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Evictions - 3-Day Notice to Cure or Quit

A common scenario in landlord-tenant law is where a residential landlord believes the tenant is in violation of the lease, or is causing a nusiance, and wants to get the tenant out as soon as possible. Perhaps the tenant has additional people living with them, or is having loud parties that annoy the neighbors and lead to complaints--or perhaps the tenant is doing something more obviously illegal, such as dealing drugs out of his apartment. What options do the landlord and tenant have in this scenario?

Generally, 60 days notice is required to terminate a residential tenancy when the tenant has lived there for a year or more. If the tenant has lived at the premises less than a year, then 30 days notice is required.

However, if the tenant is in violation of lease provisions, the landlord can serve a 3 day notice to cure or quit. If the violation is not cured within the 3 day period, the landlord can then evict the tenant. Although this isn't the exact legal terminology, this can be thought of as an eviction "for cause." At the local level, the City of Los Angeles Rent Stabilization Ordinance has provisions along the same lines relating to "at-fault" evictions. More information about at-fault evictions under the LA RSO can be found here.

Below is a brief discussion of some options for landlords and tenants with respect to lease violations and 3-day notices to cure or quit.

On the landlord side, if you do serve the 3 day notice to cure or quit, make sure you have as much documentation as possible of the tenant's violation of the lease, make sure the tenant is actually violating a concrete, readily identifiable provision in the lease, and make sure your notice correctly cites that lease provision. In one case we handled earlier this year, the tenant won because the landlord tried to evict her for "illegal use of the premises" when in fact the tenant had done some bad things but had not actually violated the lease provision at issue. An attorney can help make sure you are able to identify and prove the lease violation in court.

On the tenant side, as noted above, it's certainly a possibility that the landlord may claim something violates the lease when it actually doesn't. Tenants should carefully review the lease and notice to see whether the landlord is properly interpreting and citing the lease provision(s) at issue, and should assess whether the landlord can actually prove the violation. It's one thing to say someone complained to you that a tenant was smoking marijuana; it's often quite another to actually prove in court that the tenant was smoking marijuana in his apartment in violation of the lease. Just like a lawyer can help the landlord prove the lease violation in court, a skillful lawyer can help the tenant poke holes in the landlord's accusations and proof, and show the court that the landlord has not met his burden to prove the claimed lease violation by a preponderance of the evidence.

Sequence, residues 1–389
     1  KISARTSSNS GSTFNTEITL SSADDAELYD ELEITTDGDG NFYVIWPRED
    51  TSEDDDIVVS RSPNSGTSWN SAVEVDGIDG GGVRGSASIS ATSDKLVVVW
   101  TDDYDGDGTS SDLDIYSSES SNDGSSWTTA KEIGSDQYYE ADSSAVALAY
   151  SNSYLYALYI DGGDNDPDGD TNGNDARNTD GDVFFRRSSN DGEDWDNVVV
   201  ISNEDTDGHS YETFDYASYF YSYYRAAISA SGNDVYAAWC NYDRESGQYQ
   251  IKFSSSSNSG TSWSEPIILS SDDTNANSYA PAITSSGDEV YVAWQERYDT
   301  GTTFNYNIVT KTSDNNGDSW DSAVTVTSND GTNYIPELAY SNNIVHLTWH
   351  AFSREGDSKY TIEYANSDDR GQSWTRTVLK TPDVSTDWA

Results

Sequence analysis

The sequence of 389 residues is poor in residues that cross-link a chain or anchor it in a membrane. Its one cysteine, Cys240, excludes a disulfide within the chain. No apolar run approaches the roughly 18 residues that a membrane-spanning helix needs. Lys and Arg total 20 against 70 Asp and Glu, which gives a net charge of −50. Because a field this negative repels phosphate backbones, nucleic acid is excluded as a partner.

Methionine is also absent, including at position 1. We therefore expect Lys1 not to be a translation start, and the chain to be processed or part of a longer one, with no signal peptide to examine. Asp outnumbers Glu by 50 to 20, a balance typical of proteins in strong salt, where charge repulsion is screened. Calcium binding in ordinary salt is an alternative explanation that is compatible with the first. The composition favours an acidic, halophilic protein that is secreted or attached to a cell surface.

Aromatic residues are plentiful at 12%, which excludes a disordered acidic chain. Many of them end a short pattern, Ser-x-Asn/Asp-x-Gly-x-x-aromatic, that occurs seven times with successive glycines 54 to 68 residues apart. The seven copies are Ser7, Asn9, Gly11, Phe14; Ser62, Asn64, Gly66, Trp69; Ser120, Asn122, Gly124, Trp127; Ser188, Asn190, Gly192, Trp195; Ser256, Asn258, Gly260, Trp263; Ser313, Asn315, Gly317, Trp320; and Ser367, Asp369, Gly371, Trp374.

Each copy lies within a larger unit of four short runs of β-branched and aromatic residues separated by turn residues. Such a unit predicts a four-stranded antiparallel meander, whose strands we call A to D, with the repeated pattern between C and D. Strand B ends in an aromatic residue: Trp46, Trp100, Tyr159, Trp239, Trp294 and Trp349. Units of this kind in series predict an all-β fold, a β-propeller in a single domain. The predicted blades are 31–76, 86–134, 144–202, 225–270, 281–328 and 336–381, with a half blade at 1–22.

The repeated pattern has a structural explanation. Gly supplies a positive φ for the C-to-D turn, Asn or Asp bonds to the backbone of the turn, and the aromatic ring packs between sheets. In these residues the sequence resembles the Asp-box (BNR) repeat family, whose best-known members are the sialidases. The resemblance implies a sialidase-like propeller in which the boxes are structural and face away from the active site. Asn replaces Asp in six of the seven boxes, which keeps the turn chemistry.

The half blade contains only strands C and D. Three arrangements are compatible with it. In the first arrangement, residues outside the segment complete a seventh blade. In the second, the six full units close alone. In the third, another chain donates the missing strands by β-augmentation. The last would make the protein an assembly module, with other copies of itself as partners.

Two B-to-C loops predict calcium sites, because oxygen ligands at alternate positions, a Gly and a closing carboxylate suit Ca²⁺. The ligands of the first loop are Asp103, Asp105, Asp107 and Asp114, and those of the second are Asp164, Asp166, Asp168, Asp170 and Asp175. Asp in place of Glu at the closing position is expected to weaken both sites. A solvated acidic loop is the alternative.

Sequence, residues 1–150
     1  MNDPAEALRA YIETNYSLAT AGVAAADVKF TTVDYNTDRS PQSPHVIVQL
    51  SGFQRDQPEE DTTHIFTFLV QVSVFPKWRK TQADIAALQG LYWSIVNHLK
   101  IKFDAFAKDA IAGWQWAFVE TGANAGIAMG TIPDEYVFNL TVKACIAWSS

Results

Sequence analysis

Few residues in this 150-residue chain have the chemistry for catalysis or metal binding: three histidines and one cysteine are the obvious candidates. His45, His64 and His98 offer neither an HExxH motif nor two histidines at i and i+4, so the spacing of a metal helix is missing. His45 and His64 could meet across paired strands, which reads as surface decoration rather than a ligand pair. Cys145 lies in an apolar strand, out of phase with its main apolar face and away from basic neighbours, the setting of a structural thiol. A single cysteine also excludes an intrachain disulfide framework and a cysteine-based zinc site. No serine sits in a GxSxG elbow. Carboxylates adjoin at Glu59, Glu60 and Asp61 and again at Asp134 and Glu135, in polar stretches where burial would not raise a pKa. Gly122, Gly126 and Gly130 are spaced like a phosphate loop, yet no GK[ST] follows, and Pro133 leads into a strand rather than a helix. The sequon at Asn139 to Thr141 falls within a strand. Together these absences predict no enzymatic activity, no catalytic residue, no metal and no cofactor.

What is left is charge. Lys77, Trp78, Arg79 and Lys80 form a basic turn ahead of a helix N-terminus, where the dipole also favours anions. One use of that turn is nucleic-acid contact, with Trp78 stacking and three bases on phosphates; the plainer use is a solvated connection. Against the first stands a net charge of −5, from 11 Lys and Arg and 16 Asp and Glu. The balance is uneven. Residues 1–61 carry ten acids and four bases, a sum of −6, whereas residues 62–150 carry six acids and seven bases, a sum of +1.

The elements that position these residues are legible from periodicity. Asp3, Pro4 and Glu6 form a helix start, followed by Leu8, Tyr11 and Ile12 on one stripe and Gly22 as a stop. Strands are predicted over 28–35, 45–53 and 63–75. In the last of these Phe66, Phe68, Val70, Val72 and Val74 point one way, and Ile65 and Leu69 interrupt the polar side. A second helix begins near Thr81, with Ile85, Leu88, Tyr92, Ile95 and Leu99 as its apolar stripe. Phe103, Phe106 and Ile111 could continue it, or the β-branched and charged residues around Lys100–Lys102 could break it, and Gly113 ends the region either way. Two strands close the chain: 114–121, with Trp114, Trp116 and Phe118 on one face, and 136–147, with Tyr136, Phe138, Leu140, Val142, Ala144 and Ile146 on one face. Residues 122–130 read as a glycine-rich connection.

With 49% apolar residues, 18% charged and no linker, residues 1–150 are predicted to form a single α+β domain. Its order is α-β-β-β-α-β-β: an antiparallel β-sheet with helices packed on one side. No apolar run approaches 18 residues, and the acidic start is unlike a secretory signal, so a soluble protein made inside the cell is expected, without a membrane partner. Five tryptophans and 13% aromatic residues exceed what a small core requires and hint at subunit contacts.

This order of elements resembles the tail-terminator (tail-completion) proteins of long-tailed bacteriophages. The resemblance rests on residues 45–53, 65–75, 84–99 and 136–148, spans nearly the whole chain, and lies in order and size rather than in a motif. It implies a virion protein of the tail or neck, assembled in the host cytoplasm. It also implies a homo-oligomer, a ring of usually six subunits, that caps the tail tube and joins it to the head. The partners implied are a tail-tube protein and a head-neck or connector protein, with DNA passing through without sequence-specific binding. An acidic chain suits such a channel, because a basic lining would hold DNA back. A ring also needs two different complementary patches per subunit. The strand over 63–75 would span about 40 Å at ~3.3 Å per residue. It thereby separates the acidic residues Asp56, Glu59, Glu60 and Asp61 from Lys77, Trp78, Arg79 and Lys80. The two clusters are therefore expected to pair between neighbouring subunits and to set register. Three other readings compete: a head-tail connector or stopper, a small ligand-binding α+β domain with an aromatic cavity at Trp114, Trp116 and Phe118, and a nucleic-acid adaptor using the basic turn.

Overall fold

For some issues, the landlord is not required to give the tenant the option to cure. Drug dealing by a tenant is one example. If the landlord serves a 3-day notice to quit based on such a breach, the tenant cannot cure the breach and prevent the eviction lawsuit, but still may be able to defend the case in court.

Also, it's good to be aware that rent control ordinances are generally local, which means that there can be tricky or unusual issues relating to your city's ordinance. Cooledge Law has handled cases involving Los Angeles rent control (RSO). The LA RSO generally requires the landlord to pay relocation assistance unless the tenant is at fault or certain other requirements are met. Click here for information provided by the City on relocation assistance.

We hope the above information is helpful. If you are seeking an attorney to deal with a potential eviction based on a violation of a lease agreement, don't hesitate to reach out to us!

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